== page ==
Mayor of London Sadiq Khan today said Brexit must not cost the capital its top scientific minds.
He said it was critical that London continues to thrive as a global centre for life science research even after it has left the EU.
Mr Khan, pictured, was speaking on a visit to the £700 million Francis Crick Institute in King’s Cross. The centre for biomedical studies and life sciences will house 1,250 of the best scientists from 70 countries, making it Europe’s largest biological research facility.
Ahead of its November opening, Mr Khan said: “London remains one of the most attractive places for life science companies to do business.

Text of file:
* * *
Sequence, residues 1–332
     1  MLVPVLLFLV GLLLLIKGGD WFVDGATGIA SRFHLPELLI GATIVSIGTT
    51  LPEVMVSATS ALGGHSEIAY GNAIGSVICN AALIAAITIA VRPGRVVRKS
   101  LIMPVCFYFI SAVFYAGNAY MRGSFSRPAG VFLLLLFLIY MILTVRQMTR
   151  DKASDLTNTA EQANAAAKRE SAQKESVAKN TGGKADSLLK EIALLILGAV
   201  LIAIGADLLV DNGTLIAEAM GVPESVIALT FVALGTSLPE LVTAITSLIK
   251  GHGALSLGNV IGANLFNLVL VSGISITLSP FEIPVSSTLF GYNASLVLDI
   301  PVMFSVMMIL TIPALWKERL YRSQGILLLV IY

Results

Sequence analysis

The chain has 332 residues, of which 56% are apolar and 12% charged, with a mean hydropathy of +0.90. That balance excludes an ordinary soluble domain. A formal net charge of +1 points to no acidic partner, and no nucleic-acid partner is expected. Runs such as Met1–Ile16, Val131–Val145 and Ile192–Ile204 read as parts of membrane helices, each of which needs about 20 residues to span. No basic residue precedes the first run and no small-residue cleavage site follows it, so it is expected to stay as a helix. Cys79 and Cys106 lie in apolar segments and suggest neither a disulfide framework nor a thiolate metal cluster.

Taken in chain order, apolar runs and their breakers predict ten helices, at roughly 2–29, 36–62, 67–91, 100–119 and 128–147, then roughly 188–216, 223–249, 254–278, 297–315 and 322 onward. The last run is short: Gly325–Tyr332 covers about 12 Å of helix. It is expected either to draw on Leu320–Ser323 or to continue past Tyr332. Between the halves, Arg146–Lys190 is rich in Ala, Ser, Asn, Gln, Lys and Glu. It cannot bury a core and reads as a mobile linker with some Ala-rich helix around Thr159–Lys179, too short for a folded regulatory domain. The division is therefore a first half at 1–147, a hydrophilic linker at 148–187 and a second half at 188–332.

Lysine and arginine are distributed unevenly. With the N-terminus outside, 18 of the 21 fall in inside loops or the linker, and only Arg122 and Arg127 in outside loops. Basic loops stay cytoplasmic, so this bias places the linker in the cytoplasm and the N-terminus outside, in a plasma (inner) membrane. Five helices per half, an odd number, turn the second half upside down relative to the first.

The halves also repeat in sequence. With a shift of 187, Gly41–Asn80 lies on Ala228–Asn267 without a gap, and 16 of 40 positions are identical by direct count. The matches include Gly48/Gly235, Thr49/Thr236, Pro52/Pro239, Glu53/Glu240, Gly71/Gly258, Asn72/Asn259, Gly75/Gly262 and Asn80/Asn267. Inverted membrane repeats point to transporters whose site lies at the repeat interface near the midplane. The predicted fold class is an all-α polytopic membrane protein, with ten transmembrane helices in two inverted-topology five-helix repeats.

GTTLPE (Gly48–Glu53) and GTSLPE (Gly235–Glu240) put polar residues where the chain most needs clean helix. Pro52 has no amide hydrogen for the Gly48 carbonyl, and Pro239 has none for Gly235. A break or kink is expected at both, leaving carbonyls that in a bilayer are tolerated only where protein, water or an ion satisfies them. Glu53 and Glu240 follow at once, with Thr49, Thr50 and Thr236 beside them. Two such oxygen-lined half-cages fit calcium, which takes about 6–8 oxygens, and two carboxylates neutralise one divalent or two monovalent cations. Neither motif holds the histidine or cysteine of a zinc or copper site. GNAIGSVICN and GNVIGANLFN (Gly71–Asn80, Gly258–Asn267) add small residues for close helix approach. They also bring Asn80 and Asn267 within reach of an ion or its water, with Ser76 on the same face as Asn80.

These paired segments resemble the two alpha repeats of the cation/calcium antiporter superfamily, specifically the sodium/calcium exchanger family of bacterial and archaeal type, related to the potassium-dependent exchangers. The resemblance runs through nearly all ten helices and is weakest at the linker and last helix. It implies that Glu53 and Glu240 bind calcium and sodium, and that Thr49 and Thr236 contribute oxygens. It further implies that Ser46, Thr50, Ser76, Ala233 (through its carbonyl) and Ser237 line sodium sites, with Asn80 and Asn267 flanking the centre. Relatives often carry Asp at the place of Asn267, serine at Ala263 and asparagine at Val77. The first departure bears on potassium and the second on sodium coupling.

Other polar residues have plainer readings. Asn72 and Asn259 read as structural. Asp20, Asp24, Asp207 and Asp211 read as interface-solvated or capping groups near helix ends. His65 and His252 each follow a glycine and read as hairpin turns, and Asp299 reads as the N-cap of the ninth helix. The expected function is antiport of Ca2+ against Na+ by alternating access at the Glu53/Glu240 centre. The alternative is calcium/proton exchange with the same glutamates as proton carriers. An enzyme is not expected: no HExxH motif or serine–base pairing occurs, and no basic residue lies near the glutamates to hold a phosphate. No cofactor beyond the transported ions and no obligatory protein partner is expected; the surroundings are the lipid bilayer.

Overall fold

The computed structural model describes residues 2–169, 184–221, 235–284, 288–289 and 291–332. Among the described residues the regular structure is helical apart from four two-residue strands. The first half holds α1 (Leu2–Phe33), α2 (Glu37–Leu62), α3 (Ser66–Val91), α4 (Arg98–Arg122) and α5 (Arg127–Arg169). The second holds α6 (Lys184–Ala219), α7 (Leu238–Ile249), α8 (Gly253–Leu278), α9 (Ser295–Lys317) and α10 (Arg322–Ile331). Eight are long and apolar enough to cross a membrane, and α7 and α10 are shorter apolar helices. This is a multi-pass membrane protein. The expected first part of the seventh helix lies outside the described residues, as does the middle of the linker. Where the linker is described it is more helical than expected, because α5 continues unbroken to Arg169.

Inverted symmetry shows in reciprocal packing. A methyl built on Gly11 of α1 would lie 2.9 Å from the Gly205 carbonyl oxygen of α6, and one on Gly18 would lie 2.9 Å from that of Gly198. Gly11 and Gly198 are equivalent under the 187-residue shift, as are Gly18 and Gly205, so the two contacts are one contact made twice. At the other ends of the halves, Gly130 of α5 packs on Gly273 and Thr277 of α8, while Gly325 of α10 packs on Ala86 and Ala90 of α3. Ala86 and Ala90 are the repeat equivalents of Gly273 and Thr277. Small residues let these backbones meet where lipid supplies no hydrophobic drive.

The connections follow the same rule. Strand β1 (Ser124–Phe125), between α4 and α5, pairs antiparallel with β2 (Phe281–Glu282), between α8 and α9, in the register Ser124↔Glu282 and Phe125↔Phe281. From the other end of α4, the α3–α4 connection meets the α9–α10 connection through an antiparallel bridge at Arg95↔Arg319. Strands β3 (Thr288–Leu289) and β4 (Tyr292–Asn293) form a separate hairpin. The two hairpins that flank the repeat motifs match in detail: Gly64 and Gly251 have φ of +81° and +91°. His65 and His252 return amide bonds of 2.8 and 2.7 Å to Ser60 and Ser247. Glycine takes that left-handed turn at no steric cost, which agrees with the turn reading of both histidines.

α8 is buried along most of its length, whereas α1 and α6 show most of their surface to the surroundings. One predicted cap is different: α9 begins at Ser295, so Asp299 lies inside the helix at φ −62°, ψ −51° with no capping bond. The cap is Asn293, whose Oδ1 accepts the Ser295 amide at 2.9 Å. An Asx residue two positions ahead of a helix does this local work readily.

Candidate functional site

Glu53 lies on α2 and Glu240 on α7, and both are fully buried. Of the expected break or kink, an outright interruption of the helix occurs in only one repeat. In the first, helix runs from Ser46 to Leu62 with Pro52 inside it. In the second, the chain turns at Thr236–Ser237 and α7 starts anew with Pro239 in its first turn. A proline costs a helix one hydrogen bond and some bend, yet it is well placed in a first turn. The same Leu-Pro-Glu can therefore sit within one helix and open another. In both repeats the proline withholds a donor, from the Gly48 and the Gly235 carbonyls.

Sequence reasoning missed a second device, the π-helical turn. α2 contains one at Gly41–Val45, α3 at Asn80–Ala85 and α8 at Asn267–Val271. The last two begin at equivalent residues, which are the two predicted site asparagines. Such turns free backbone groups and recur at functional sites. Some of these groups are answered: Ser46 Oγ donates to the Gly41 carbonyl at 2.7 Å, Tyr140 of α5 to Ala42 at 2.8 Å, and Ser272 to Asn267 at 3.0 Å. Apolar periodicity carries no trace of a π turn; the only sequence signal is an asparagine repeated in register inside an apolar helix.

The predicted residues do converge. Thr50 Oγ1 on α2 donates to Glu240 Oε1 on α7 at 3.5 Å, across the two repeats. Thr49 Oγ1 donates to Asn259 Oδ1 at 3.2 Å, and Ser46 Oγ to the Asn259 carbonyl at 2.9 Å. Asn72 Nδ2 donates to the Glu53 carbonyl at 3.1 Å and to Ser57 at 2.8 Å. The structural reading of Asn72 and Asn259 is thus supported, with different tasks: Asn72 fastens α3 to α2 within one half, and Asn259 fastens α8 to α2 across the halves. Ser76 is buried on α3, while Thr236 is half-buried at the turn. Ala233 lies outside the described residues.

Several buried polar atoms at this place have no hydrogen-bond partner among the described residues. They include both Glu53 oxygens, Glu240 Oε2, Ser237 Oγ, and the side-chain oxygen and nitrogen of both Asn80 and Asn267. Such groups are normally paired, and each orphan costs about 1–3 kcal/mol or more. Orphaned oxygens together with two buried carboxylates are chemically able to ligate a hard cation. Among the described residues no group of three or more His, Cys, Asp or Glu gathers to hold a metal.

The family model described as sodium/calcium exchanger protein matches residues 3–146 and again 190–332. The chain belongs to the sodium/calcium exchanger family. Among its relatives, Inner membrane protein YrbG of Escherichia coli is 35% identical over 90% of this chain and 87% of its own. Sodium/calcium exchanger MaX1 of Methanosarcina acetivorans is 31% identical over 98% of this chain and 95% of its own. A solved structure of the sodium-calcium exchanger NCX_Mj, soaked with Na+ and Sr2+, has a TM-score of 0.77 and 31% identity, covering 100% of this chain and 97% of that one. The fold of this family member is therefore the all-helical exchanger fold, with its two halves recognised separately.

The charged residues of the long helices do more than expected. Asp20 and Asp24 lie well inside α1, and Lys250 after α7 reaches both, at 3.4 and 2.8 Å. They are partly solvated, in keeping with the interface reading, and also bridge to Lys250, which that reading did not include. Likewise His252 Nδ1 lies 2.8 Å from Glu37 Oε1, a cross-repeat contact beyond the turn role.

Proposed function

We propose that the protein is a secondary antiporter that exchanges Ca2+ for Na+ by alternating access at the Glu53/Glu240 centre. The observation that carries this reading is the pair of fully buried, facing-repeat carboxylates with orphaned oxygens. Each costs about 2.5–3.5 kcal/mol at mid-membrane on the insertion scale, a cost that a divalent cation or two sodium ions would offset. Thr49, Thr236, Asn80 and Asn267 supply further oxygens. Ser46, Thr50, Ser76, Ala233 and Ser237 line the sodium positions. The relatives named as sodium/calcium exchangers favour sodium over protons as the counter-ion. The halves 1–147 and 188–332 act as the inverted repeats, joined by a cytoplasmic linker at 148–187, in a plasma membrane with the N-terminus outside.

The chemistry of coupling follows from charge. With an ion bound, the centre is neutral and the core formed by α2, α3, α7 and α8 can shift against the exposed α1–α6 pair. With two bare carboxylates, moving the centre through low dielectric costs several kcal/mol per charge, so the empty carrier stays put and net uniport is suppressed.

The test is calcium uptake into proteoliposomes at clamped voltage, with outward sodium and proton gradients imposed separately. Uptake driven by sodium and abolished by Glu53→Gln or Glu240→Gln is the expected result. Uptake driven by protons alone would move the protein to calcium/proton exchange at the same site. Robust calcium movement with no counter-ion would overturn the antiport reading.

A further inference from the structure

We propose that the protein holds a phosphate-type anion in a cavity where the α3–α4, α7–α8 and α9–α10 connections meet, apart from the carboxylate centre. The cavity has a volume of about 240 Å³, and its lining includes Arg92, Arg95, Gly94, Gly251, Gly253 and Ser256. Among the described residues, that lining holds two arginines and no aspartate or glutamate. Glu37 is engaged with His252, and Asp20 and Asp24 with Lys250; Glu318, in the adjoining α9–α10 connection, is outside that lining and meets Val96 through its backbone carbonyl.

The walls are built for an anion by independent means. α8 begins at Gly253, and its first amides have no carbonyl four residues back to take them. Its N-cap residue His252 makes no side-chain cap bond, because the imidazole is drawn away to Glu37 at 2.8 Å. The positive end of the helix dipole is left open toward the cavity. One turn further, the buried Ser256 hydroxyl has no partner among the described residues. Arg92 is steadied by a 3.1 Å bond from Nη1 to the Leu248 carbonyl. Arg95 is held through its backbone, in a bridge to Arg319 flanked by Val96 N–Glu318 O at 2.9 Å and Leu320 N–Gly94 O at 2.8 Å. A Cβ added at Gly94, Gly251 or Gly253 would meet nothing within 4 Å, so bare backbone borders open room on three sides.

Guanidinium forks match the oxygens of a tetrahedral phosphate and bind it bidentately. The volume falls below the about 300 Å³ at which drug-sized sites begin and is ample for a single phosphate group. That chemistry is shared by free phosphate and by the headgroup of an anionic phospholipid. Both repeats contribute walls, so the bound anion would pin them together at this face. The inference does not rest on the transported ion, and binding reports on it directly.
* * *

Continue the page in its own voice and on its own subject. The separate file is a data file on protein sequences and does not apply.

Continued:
“Our great city will continue to lead the way in medical research and innovation. London thrives by being open, to talent, to ideas and to people. I am absolutely determined that this will continue, and that we not only retain the best scientists but continue to attract them to our world-leading cluster of medical research institutions.”
Sir Paul Nurse, director of the Francis Crick Institute, said: “The Institute is truly international, with scientists and collaborators from all over the world.
“We are proud of our open and diverse values, which underpin our globally-leading science.”
Sarah Haywood, CEO of MedCity, a life science collaboration between top London universities, said: “We are very confident we will continue to thrive.
“The knowledge, innovation and collaboration that has sustained our universities and medical and research facilities is not going to evaporate because of a change in the UK’s status within the EU.